TV View: Sky all grown up after Premier League’s 100-day hiatus

While first match back offered little, the taking a knee gesture proves striking

Aston Villa and Sheffield United restarted the Premier League after a 100-day hiatus caused by the Covid-19 health crisis with a strong statement of support for the worldwide protests against racism. Video: Reuters

 

“It’s like Christmas day, innit,” said a beaming Jamie Redknapp, the 100-day Premier League drought ending with the clash of Aston Villa and Sheffield United, a contest he, no more than ourselves, might possibly not have envisaged being the most eagerly anticipated game of the season when the fixtures were released back in the day.

But we are where we are, so for Jamie this was akin to finding a train set, a Scalextric, Stretch Armstrong, a bow and arrow, and a football-themed Fuzzy Felt under his tree all on the same Christmas morning, Santa’s generosity knowing no bounds. And with 92 games being played. over just 40 days, Santa’s the gift who doesn’t know when to stop giving.

David Jones had welcomed us to the return of the Premier League with one of those Sky montages that leaves you weeping in to your cheesy nachos and puts your heart through the shredder, featuring, as it did, lots of sad small people kicking balls in their back gardens during lockdown, over a melancholic but soon-to-soar soundtrack, in an effort to fill the gap left by the absence from their lives of the Premier League.

“Football fell silent ... we were dreaming of better days to come ... the waiting is finally over ... the moment has come to restart our national game,” was the gist. By now, the cheesy nachos were drowning.

“And what a game to return to,” said David of Villa v Sheffield United, like it was 1970 Brazil v Italy, George Baldock, Oliver Norwood and Anwar El Ghaz the Carlos Alberto, Jairzinho and Pele of the day that was in it.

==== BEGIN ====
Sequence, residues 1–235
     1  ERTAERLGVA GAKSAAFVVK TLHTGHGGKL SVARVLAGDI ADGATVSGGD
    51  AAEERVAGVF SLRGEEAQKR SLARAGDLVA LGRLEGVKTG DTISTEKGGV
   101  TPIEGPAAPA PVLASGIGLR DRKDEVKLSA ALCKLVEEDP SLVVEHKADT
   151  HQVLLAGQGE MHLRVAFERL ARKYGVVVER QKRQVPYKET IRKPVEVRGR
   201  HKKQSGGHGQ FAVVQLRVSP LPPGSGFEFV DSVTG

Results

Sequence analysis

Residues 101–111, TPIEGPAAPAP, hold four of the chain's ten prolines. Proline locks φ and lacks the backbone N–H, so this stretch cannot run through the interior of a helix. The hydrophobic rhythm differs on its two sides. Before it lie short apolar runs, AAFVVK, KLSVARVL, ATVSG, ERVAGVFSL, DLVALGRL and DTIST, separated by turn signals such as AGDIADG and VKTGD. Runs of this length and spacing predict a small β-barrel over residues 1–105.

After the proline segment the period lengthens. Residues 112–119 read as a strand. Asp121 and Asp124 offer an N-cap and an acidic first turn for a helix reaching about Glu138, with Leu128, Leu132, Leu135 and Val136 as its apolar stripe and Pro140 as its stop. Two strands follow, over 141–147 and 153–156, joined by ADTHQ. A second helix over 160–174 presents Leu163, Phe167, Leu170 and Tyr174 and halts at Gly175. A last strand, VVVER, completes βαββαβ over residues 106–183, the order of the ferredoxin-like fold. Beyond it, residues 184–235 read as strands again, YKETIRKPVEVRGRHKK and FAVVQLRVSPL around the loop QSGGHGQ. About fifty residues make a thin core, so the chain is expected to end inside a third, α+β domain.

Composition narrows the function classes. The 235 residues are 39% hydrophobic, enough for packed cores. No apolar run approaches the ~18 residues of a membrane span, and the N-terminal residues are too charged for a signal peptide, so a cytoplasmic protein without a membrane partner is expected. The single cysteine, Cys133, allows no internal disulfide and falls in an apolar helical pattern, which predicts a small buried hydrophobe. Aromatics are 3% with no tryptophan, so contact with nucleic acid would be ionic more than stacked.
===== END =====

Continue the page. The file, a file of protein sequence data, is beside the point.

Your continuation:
In the end, though, they couldn’t welcome us back with a goal, the game finishing 0-0, although strictly speaking Sheffield United did manage to score, which briefly, eh, silenced the home crowd, but the ref’s GDS (goal decision system) watch didn’t buzz when the ball had clearly crossed the line, VAR inexplicably not called upon in what was a WTF moment.

‘Daniel’ Rashford

It was the worst football-related error of the day, if you set aside Secretary of State for Health Matt Hancock saluting “Daniel” Rashford for his campaigning awesomeness, the ref getting dog’s abuse from the Sheffield United fans who popped up on Sky’s screen via Zoom, all 16 boxes hopping in rage. We’ll get used to this one day. Maybe.

Those of us who own Fitbits, though, could sympathise with Michael Oliver, knowing, as we do, that wrist-gadgets are utterly unreliable lying buggers, like those days when you’re told you only burnt 12 calories despite several return trips to the peanut butter cupboard.

If the game offered nothing of note in a footballing sense, that moment the players, and ref, took a knee after the whistle sounded to start the proceedings, was a striking one.

Just a gesture, true, but allied to the pre-match debate among the Sky crew about the Black Lives Matter movement, and the ads they ran promoting it, as well as Gary Neville’s chat with Raheem Sterling on the issue, you couldn’t but think Sky, at least, has grown up a bit. After all, it seems but a wet week ago – last December to be exact – when Jones shut Neville down when he attempted to discuss the monkey chants directed at Chelsea’s Antonio Rudiger by Spurs fans.

Aston Villa old boy Ian Taylor, on Sky duty at Villa Park, was encouraged, but couldn’t but note that he’s seen it all before. “We’ve seen demonstrations from Martin Luther King days,” he said, “and nothing has changed.” He wanted a little more, then, than gestures.

Back with the football and the chief challenge for the viewers was whether to watch the game with “augmented” crowd noise on one Sky channel, or opt for “natural stadium sound” on another, eg “facking ’ell Grealo, you can’t fackin’ shoot from there”.

Neither was satisfactory, to be honest, but the moment this couch chose natural stadium sound was when the virtual Villa supporters celebrated like they’d scored a late winner in a Champions League final when their own Douglas Luiz was booked for upending Oli McBurnie. The man with his finger on the sound effects button had hopelessly malfunctioned.

But never mind, it’s Christmas, the Premier League is back, we’ve 90 games over the next 39 days. We’ll be locking ourselves down all over again.

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